Viva Director Liz Willis asks: 'When will we see true diversity on the catwalk?'

Felicity Fox

Posted on April 13 2018

For many, the word ‘model’ conjures up the image of a long, leggy beauty with hollowed cheekbones and a sullen stare, her frail frame elegantly draped in Gucci and her lips pouting moodily at the camera.

Of course, there are many different types of model including male, trans, plus size and petite, but it can’t be denied that these are not the first names that spring to mind when the ‘m’ word is banded around, and they are certainly not at the front of the queue when the invites go out for London Fashion Week.

So how did we end up with such a narrow selection of human-kind representing our diverse society in the fashion industry, and across such high-profile platforms?

This certainly isn’t what was intended when the term ‘model’ was first coined. The Oxford Reference Dictionary defines it simply as:

‘A person employed to pose for an artist, or to display clothes etc. by wearing them.’

Not necessarily female. Not tall or inherently thin. Just a human with a body being paid to wear clothes.

It can be argued that the last few months have marked some definitive progress in gaining visibility for minority groups in fashion - the plus size community in particular - and in renouncing the supermodel era, which began with Twiggy in the 1960s and snowballed throughout the 80s and 90s to give rise to huge stars such as Kate Moss and Naomi Campbell.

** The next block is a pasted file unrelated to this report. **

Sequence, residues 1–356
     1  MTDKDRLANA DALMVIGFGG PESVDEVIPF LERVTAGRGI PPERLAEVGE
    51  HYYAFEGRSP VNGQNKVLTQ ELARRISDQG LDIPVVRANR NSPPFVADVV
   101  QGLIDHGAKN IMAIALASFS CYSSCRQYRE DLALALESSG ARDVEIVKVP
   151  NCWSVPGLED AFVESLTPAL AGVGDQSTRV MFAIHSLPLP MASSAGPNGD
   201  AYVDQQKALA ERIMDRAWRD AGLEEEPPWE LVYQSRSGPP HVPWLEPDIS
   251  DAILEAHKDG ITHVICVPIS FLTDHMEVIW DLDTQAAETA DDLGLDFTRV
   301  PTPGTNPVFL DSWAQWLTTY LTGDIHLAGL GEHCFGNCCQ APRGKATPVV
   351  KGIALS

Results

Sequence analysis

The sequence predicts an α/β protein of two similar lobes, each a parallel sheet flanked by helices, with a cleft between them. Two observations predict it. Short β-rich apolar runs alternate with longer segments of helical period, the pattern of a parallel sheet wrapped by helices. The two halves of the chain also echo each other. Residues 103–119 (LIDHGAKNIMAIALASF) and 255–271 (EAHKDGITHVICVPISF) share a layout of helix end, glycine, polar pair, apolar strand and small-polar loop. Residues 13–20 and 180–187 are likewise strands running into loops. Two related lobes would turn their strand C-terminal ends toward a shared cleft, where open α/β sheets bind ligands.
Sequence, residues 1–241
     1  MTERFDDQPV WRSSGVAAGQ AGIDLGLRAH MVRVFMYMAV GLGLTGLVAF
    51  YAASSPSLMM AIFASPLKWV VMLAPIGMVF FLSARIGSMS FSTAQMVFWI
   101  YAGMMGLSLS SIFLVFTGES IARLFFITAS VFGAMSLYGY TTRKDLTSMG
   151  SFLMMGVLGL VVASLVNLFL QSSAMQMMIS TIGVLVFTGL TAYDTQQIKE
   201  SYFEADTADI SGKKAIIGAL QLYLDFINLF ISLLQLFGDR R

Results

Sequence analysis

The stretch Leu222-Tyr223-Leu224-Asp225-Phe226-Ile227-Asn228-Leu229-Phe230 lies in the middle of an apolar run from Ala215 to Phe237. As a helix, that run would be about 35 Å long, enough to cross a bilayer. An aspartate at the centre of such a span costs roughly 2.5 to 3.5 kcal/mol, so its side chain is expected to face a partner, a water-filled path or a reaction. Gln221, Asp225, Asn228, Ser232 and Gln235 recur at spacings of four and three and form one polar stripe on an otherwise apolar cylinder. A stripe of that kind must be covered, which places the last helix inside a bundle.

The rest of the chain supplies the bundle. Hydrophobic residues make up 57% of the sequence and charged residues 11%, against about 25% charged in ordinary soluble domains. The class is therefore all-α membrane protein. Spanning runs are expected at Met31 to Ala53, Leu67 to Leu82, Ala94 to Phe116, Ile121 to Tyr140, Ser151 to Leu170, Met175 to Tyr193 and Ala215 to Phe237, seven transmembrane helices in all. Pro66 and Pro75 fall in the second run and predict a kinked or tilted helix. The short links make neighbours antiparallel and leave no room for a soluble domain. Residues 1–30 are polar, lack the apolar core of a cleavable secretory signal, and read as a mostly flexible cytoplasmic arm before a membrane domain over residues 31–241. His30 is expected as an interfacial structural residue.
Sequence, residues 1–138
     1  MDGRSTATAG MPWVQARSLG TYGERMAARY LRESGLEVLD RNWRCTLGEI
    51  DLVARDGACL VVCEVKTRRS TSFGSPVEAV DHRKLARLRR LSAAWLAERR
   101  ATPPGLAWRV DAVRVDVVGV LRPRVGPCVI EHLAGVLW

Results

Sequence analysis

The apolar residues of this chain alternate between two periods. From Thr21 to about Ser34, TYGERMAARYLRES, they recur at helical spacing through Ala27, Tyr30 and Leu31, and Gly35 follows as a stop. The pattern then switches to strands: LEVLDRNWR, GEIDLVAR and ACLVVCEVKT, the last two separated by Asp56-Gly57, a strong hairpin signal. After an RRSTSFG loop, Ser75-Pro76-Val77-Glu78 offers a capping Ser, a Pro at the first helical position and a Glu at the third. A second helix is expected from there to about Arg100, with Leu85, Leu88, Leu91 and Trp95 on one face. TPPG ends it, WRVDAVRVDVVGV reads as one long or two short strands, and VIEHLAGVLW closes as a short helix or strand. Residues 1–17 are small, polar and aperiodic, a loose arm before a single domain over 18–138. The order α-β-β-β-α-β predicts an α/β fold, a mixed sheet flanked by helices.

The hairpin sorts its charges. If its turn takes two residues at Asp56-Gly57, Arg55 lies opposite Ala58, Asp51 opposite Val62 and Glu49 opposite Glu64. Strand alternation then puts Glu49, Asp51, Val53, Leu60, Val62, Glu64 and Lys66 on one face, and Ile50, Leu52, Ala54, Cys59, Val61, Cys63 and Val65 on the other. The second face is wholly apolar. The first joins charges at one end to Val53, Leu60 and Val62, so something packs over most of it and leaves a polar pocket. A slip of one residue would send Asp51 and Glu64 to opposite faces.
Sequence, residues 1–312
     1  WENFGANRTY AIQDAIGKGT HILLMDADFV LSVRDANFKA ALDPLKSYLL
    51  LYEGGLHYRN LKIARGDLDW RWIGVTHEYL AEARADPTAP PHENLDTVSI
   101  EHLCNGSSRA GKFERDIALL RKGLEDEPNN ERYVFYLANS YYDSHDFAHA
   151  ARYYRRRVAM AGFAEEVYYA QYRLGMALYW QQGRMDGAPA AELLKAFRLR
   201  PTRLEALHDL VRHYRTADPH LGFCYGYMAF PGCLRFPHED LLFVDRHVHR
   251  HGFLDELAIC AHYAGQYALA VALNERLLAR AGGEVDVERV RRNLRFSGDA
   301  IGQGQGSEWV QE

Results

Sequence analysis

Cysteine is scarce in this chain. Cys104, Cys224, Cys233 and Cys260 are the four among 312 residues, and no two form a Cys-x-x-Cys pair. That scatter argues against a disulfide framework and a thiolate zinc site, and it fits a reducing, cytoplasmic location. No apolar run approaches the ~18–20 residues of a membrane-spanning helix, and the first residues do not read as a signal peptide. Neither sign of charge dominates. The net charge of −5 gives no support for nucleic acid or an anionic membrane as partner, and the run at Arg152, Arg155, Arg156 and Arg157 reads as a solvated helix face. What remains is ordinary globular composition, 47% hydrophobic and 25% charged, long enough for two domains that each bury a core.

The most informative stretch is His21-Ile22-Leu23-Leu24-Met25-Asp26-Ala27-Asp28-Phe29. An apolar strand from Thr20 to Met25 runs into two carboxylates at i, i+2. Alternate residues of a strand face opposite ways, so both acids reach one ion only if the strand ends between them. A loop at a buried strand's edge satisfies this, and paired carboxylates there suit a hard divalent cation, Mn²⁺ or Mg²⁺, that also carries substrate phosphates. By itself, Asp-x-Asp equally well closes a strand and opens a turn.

Seedlings of progress 2017/18

Fashion giants LVMH and Kering finally banned unhealthily thin catwalk models from featuring in their shows.

New York featured ‘a record 27 plus-size model appearances’ on the catwalk, a notable increase from the 16 featured in the previous season and the six in the season before that, according to ex-model and Glamour Fashion Editor, Lauren Chan, writing for the magazine last year.

Plus size model, actress and body positivity advocate Hayley Hasslehoff led a prominent protest aimed at London Fashion Week 2018, which called for more curves on the catwalk. This gained international press coverage and once again propelled the issue onto the world-stage, making it increasingly difficult for the Fashion Houses to ignore.

What next?

Whilst this is all great news for the plus size fashion community and a notable step forward in the battle to achieving diversity on the catwalk, the wheels of change are still moving alarmingly slowly and there is a lot more work to be done.

Indeed, in today’s age of inclusivity acceptance and freedom of expression, the fashion industry is still lagging woefully behind with less than one per cent of runway models being plus size, even though 55 per cent of women in the UK and 67 per cent in the US fit this category.

So the question remains, when will we be seeing greater diversity on the catwalks? Do the Fashion Houses think they are doing ‘just enough’ to placate us with their perfunctory curvy girls amongst a sea of stick-insects, or is this really the start of a fashion revolution that is ready to fully include the part of society not invited to the supermodel club?

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